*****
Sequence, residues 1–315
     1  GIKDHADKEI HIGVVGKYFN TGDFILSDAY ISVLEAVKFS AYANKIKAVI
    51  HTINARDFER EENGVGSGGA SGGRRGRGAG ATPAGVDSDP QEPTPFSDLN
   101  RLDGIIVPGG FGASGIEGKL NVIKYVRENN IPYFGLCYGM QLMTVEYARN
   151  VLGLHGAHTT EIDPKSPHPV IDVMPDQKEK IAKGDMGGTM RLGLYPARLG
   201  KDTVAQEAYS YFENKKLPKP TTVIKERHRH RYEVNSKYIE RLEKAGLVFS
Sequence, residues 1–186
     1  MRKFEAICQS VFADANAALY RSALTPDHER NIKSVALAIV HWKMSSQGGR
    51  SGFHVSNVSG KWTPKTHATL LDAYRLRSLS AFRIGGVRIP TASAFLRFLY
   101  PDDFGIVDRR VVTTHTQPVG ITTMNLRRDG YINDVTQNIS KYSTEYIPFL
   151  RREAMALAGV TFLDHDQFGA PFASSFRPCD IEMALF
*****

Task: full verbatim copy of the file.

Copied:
Sequence, residues 1–315
     1  GIKDHADKEI HIGVVGKYFN TGDFILSDAY ISVLEAVKFS AYANKIKAVI
    51  HTINARDFER EENGVGSGGA SGGRRGRGAG ATPAGVDSDP QEPTPFSDLN
   101  RLDGIIVPGG FGASGIEGKL NVIKYVRENN IPYFGLCYGM QLMTVEYARN
   151  VLGLHGAHTT EIDPKSPHPV IDVMPDQKEK IAKGDMGGTM RLGLYPARLG
   201  KDTVAQEAYS YFENKKLPKP TTVIKERHRH RYEVNSKYIE RLEKAGLVFS
Sequence, residues 1–186
     1  MRKFEAICQS VFADANAALY RSALTPDHER NIKSVALAIV HWKMSSQGGR
    51  SGFHVSNVSG KWTPKTHATL LDAYRLRSLS AFRIGGVRIP TASAFLRFLY
   101  PDDFGIVDRR VVTTHTQPVG ITTMNLRRDG YINDVTQNIS KYSTEYIPFL
   151  RREAMALAGV TFLDHDQFGA PFASSFRPCD IEMALF